Nonstop Sound
The music of New York

Devin Talks New Label, Old Punk

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New York garage rock apostle Devin has already gained a local reputation for his high-energy stage show and denim-clad tunes. But if his new album Romancing or single "Masochist," the video for which you can watch below, are any indication, then all the good times have come at a cost.

"All the songs on Romancing try to frame 'love' as equal parts the best and the worst, or something like that. 'Masochist' might be the closest I got. I had the main melody banging in my head. Then I got the word, 'Masochist,'" he tells Nonstop Sound. "Then I had the chance to actually fall in love and live through the absolute horrors and joys of it all. And that gave me enough images to write into the song."

Romancing is in stores this week via the New York label Frenchkiss, and Devin will be celebrate the occasion Monday night at the Mercury Lounge. Devin, whose real name is Devin Therriault,  had been gigging around town between shifts at a warehouse, and eventually one of his home recordings came to the attention of Frenchkiss owner Syd Butler, who has previously helped put The Hold Steady and The Antlers on the map.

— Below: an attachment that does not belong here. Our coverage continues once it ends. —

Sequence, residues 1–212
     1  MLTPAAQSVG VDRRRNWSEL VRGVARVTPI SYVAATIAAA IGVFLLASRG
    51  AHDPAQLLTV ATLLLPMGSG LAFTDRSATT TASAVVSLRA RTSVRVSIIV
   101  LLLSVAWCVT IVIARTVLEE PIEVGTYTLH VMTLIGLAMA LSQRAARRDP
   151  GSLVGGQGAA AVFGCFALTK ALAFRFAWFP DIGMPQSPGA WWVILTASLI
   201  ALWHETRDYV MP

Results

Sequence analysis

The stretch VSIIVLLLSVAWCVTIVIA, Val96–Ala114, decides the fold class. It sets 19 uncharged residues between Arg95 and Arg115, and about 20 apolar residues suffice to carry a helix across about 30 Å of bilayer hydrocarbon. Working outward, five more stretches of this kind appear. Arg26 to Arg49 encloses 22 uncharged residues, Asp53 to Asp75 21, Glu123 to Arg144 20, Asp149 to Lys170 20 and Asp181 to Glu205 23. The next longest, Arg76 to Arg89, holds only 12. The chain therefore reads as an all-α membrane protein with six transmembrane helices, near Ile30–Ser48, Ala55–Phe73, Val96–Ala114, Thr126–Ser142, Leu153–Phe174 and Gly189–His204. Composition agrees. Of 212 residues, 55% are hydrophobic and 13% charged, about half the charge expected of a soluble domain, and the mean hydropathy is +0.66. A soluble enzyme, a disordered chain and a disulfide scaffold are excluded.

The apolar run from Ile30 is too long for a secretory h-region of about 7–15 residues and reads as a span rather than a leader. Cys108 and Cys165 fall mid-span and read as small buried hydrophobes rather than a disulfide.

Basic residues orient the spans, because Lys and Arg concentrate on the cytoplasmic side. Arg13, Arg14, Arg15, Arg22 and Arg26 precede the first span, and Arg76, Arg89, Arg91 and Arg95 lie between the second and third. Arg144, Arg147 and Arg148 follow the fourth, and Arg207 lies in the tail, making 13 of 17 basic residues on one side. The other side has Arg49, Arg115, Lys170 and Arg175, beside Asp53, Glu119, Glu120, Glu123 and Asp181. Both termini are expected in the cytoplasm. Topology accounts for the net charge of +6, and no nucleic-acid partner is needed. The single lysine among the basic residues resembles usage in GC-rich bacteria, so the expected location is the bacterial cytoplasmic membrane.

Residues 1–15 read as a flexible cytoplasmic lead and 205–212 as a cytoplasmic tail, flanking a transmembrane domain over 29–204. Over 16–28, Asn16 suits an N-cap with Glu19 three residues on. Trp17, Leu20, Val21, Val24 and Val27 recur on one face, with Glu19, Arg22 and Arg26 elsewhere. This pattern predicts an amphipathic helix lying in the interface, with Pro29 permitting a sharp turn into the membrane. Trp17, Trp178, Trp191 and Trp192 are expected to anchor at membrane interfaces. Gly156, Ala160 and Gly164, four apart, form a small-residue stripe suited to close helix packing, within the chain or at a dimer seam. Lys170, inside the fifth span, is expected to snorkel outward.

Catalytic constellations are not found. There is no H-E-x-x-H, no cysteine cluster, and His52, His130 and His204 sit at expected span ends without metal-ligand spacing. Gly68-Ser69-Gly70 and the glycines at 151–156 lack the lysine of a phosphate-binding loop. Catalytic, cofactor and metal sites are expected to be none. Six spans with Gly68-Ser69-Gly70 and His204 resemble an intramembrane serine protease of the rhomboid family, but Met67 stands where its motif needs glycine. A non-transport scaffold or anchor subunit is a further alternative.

"I woke up one morning and there was this Myspace message from 'syd-frenchkiss records.'  I read it 20 times," he says. "I Googled Syd and the label and realized it wasn't spam. I wasn't even pursuing labels. I was just making songs in my room out of pure boredom. But Syd responded to my recordings and it's been a real partnership since then."

Devin's music is too fast and committed to come off as retro, but it's undeniably filled with sonic quote marks from punk forebearers like The Ramones and New York Dolls. It's not the most original sound out there, but it is a lot of fun, and to Devin that's enough.

"I pretty much exclusively listen to music that's before my time. My Johnny Thunders obsession is right under Iggy Pop. I like that punk idea of stripping the sound down and going back to early rock and making it relevant," he says. "I love all the references in the songs, whether it's a stolen progression or lyrical reference. It gives the songs more weight."  

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